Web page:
Beyond loss modification, we are hearing increasing demand from our clients for the ability to modify individual modeling components. We will explore additional ways to allow for the adjustment of event frequency and severity and vulnerability functions in Touchstone, and even to bring in custom vulnerability functions. An important potential application of hazard modification is to analyze the impact of climate change, which is something we’re actively exploring, in addition to the possibility of providing forward-looking climate-conditioned catalogs.
On Open Platforms
Finally, I want to address open platforms, which has been a trending topic in the industry for several years now. While AIR models continually expand to different countries and perils, there are still gaps in model coverage that may leave companies underprepared for high losses or hinder them from growing their business. We are seeing an increased demand to support third-party models to cover non-modeled risk or to enable multi-modeling, which is not only a scientifically rigorous way to address the uncertainty from using any single view of risk but is also a catalyst for innovation and healthy competition in the market.
Our perspective on the matter is simple. We recognize that no single model, AIR's or any other, represents "the answer." Rather, each model is a best formulation based on the culmination of current knowledge. However, there may be scientifically plausible alternatives to various elements of a given model, and we encourage companies to continually scrutinize and challenge the models they use.
Touchstone was architected to be an open platform with open data standards, and we allow users to incorporate third-party models and data to provide risk assessment capabilities where probabilistic models do not yet exist, or to offer alternative perspectives to existing AIR models. Last year, we took this concept one step further with the introduction of Model BuilderTM to simplify and streamline the model development process. Insurers, reinsurers, and brokers can leverage the expertise of their own scientists and engineers to build and distribute custom models, while academic, NGO, and other commercial entities can create their own licensable products. The custom models can be deployed in Touchstone along with AIR models to take advantage of AIR’s sophisticated financial module, for a seamless multi-modeling approach. Our vision is for Touchstone to connect model developers and consumers and provide a centralized repository to share custom models.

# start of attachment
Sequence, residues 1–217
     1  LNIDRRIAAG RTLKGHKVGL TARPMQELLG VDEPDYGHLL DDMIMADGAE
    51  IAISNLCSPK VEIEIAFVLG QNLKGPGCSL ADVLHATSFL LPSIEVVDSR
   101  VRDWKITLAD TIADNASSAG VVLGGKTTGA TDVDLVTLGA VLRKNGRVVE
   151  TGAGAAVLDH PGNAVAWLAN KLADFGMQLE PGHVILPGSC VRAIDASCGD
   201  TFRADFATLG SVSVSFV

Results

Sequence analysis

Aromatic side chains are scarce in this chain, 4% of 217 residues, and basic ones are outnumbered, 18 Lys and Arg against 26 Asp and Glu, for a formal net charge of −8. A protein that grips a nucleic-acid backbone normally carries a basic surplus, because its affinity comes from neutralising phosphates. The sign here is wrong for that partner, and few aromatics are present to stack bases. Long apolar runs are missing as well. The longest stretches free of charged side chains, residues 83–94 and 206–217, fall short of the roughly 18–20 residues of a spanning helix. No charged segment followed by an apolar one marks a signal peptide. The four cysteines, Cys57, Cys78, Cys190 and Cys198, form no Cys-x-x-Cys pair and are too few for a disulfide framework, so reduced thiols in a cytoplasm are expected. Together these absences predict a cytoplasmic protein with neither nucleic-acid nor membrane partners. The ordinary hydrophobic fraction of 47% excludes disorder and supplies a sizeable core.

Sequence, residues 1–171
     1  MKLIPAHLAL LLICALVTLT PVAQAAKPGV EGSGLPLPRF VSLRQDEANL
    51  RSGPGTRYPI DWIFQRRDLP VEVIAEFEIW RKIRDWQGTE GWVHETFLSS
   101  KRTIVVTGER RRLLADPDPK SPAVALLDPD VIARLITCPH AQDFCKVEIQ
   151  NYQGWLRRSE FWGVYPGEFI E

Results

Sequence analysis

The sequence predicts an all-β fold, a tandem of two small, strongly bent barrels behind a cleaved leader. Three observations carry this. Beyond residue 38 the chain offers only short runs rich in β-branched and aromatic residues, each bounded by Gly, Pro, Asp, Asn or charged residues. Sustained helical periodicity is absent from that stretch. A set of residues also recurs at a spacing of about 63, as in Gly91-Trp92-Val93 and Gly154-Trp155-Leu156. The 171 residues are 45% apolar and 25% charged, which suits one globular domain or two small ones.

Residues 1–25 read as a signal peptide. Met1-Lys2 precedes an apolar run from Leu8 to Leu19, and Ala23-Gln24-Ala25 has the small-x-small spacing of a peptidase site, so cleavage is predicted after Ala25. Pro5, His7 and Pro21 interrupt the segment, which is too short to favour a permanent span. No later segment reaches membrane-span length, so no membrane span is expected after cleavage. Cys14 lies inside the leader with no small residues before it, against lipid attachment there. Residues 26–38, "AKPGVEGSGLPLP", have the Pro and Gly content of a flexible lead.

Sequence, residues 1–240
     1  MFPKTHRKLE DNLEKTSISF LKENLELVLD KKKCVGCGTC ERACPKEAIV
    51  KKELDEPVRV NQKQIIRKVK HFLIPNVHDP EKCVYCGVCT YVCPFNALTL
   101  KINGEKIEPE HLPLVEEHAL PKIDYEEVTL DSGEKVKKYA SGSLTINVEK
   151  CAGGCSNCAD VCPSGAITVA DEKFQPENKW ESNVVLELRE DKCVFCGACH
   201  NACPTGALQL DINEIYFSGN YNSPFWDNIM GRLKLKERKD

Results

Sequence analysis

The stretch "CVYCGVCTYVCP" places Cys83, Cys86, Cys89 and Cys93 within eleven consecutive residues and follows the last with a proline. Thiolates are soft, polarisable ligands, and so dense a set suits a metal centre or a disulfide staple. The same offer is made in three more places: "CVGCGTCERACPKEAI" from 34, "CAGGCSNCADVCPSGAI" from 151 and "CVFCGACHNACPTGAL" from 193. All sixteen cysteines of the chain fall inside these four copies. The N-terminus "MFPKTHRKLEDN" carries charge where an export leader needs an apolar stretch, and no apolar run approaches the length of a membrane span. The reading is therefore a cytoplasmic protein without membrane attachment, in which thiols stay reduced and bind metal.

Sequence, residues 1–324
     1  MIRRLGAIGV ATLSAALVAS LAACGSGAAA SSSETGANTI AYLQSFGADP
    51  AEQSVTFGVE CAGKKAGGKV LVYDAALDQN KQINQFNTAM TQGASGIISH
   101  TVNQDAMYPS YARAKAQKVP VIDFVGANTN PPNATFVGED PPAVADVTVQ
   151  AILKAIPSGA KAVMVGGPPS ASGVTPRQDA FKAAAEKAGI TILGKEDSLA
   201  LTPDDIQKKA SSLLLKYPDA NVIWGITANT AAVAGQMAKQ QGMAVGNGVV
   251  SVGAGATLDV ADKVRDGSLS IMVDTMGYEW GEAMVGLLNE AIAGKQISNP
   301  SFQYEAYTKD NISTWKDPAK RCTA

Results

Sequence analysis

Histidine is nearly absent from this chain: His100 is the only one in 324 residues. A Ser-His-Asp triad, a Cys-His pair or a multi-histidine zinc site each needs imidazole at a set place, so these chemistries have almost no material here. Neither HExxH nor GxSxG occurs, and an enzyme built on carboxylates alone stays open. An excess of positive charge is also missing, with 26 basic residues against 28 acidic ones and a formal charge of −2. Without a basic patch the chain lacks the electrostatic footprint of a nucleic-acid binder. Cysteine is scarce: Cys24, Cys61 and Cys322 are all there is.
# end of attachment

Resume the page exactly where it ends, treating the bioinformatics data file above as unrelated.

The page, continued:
Where we pause in the open platform discussion is when we come upon the desire for the ability to “mix and match” model components, such as the hazard module from one vendor with the damage module of another. Model development requires a careful and intensive calibration process to ensure that the components work together to result in robust and defensible loss estimates. For example, if one set of damage functions that rightly reflect not just engineering expertise but also loss adjustment practices is replaced by an alternative set that have not been so calibrated, the resulting losses will not make sense. Similarly, if the model's damage functions have been calibrated to one hurricane wind field formulation, model output will not be useful if another wind field formulation is substituted, unless the damage functions, too, are recalibrated.
Transparency, flexibility, and openness are new standards propelling the industry toward innovation and more robust risk management. While I believe this to be one of the most exciting and meaningful trends in (re)insurance, one that we are delighted to be a part of, I wanted to point out that a core responsibility (and challenge) is to maintain a scientifically credible, internally consistent view of risk.
A key element of ensuring that adjusting a model or implementing a custom view of risk is beneficial—and not counterproductive—is a commitment to model education. The user must have a thorough understanding of a model’s data sources, its physical and statistical underpinnings, how its components work together—as well as an intuitive sense for the model as a whole. Many people are surprised to learn that AIR spends up to half the time used for developing a model on its validation. Much more of the responsibility of validating a modified or custom model will be placed on the model user.
This brings up a related topic regarding the transfer of risk. Catastrophe modeling has created a common currency to enable risk transfer, as all parties have a shared understanding of its value. Modified or custom models may degrade the confidence in the currency, so users need to clearly document and justify their view of risk to internal and external stakeholders, including regulators. I don’t point this out to discourage innovation or competition, but it is an important caveat, and one that requires a thoughtful and measured approach from both model providers and model users.
I look forward to seeing how the industry continues to evolve, and can assure you that AIR is committed to evolving with you.